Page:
JANUARY 2017

**Book events for The Humorless Ladies of Border Control***

Jan. 11 @ Village Books, web Bellingham, decease WA (7pm) in conversation w/ Tyson Ballew (Make.Shift Art Space)
Jan. 12 @ Elliott Bay Books, sale Seattle WA (7pm) in conversation w/ comedian Eric Cash
Jan. 13 @ Powell’s on Burnside, Portland OR (7:30pm) in conversation w/ novelist Cari Luna (The Revolution of Every Day)
Jan. 14 @ Green Apple Books on the Park, San Francisco, CA (7:30pm) in conversation w/ writer Emily Meg Weinstein
Jan. 15 @ Book Soup, Los Angeles CA (4pm) in conversation w/ comedy writer Bob Schriner

Jan. 17 @ HiFi (169 Ave A, NYC) – Words and Guitars Reading Series

FEBRUARY 2017

February 11 Volume Reading Series @ The Spotty Dog, Hudson NY

APRIL 2017

April 20-23 Presenter at EMP Conference, Seattle WA

In 2009, treatment
musician Franz Nicolay left his job in the Hold Steady, aka “the world’s greatest bar band.” Over the next five years, he crossed the world with a guitar in one hand, a banjo in the other, and an accordion on his back, playing the anarcho-leftist squats and DIY spaces of the punk rock diaspora. He meets Polish artists nostalgic for their revolutionary days, Mongolian neo-Nazis in full SS regalia, and a gay expat in Ulaanbataar who needs an armed escort between his home and his job. The Russian punk scene is thrust onto the international stage with the furor surrounding the arrest of the group Pussy Riot, and Ukrainians find themselves in the midst of a revolution and then a full-blown war.

While engaging with the works of literary predecessors from Rebecca West to Chekhov and the nineteenth-century French aristocrat the Marquis de Custine, Nicolay explores the past and future of punk rock culture in the post-Communist world in the kind of book a punk rock Paul Theroux might have written, with a humor reminiscent of Gary Shteyngart. An audacious debut from a vivid new voice, The Humorless Ladies of Border Control is an unforgettable, funny, and sharply drawn depiction of surprisingly robust hidden spaces tucked within faraway lands.

“The book would be much like what Paul Theroux might write if he played the musical saw, lived on beer and borscht, and had a sense of humor…A pleasing romp: punk in attitude but literary in execution and a fine work of armchair travel for those unwilling to strap on an accordion on the streets of Rostov for themselves.” – Kirkus Reviews

“Adds a layer of depth by exploring the ways music, specifically punk music, inspire and unite the local populace.” – Publishers Weekly

“Paul Theroux meets Lester Bangs” – Omnivoracious/The Amazon Book Review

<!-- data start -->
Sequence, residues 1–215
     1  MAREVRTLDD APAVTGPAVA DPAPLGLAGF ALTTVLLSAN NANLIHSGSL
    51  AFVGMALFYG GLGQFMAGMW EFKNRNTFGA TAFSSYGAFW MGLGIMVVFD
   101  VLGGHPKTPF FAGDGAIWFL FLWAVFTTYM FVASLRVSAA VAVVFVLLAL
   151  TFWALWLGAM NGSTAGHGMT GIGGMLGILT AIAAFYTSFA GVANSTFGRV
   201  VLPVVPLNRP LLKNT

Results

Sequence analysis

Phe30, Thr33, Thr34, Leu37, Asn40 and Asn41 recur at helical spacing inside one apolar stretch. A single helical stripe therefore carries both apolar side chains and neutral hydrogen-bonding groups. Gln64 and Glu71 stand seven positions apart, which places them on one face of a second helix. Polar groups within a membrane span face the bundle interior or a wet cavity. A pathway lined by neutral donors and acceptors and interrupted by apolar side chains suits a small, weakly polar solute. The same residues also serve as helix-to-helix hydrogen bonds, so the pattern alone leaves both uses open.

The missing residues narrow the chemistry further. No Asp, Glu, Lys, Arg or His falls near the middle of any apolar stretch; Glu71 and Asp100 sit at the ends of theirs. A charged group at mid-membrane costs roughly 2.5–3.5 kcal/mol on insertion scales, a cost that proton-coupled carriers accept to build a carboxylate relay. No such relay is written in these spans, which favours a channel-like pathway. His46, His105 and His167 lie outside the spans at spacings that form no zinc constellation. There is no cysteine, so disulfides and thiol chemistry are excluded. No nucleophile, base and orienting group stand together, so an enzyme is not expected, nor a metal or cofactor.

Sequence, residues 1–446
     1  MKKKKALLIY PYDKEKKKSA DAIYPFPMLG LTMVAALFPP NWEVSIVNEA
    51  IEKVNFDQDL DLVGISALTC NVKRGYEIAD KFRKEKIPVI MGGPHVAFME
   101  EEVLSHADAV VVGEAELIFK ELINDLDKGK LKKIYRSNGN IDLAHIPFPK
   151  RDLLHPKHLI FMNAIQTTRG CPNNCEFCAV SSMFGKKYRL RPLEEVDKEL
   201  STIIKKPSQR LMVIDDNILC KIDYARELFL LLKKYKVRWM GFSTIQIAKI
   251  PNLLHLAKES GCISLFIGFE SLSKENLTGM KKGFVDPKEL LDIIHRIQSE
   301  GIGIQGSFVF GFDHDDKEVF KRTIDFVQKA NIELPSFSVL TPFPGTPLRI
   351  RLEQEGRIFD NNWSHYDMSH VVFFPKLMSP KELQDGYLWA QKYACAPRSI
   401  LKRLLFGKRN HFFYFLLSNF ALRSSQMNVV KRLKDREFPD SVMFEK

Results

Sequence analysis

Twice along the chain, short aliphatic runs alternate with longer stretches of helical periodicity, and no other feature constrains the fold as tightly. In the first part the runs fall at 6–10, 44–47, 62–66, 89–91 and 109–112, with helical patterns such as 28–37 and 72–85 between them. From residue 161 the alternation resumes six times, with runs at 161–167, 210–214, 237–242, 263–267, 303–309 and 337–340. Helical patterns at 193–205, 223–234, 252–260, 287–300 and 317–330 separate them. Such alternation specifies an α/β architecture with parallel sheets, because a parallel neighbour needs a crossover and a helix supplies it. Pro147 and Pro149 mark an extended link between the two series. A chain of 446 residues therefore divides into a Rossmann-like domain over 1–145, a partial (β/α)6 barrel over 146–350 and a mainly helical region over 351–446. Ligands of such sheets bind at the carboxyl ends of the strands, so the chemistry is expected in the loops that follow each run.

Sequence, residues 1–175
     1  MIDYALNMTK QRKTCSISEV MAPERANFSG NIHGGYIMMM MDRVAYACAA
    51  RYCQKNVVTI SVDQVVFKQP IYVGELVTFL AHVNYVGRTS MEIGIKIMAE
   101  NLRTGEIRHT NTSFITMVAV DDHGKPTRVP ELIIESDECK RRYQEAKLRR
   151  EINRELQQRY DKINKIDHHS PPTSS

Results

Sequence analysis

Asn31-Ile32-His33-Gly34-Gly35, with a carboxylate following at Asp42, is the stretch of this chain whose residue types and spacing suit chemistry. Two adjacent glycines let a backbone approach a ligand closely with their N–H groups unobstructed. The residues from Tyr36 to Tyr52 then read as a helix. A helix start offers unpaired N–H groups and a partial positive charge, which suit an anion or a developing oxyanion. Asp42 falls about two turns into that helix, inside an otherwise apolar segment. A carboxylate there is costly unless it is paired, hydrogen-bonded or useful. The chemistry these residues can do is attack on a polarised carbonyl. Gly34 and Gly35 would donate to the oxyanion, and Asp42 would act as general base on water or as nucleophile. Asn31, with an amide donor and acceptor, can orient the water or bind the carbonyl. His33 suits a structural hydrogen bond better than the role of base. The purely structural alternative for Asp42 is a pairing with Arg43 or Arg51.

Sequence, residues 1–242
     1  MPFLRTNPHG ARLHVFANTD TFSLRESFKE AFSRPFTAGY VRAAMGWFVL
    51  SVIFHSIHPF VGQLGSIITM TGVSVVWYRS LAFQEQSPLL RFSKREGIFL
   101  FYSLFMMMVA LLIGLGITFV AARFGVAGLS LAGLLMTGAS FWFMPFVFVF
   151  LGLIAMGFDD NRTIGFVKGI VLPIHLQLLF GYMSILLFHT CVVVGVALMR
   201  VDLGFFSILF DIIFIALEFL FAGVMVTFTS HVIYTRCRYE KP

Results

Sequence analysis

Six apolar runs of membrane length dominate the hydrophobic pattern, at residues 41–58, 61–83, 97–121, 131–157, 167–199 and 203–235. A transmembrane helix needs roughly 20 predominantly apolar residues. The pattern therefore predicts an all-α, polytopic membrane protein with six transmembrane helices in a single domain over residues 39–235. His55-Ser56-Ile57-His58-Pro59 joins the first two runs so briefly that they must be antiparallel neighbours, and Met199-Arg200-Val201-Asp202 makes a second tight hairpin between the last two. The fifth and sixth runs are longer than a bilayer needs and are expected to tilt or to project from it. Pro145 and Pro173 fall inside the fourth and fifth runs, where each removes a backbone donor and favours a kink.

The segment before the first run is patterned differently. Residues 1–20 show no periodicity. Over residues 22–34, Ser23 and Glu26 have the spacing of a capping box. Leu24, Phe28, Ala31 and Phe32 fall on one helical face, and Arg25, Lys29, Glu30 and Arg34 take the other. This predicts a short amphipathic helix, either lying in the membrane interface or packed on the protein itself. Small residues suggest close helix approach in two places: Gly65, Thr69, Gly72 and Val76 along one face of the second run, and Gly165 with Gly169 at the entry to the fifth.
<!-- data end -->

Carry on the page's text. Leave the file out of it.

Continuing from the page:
“Franz Nicolay has always been the kind of musician who can sound like he’s roaming the world in the course of a single song. In this amazing road tale he captures how it feels for a wandering artist, scrounging in the underground punk scenes of Russia and the Balkans—sleepless nights and shaky trains, strong beer and unsavory companions–watching history turn inside out.” – Rob Sheffield (“Love Is A Mixtape,” Rolling Stone)

“If there isn’t already a shelf for Classic Punk Literature, we need to build it and stock it with Franz Nicolay. Part low-budget tour diary and part Slavic history lesson, this book is a love letter to the punk vie boheme; a delicious and hilarious borscht stew of untold histories, literary references, beautiful strangers and backstage vodka.” – Amanda Palmer(musician, “The Art of Asking”)

“Funny and wistful, The Humorless Ladies of Border Control is an engrossing romp that casts fresh eyes on Old World cultures rich in paradox. Franz Nicolay taps into the current cultural zeitgeist in the best travelogue tradition, with vivid scenes capturing the absurdities of daily life in the context of history and a deft reading of some of the most important cultural figures. –Gregory Feifer, NYTimes best-selling author of Russians: The People Behind the Power

“A truly remarkable book. On the surface, it’s a tour diary of shows around the wilder reaches of Eastern Europe and Russia, which would be interesting in itself. In actual fact, however, Franz has written a profound and perceptive travelogue in the vein of Paul Theroux or Rebecca West; like them, he teaches you about the places he visits, about the people he meets, about a forgotten but fascinating corner of world culture, and ultimately, about himself.” – Frank Turner (musician, “The Road Beneath My Feet”)

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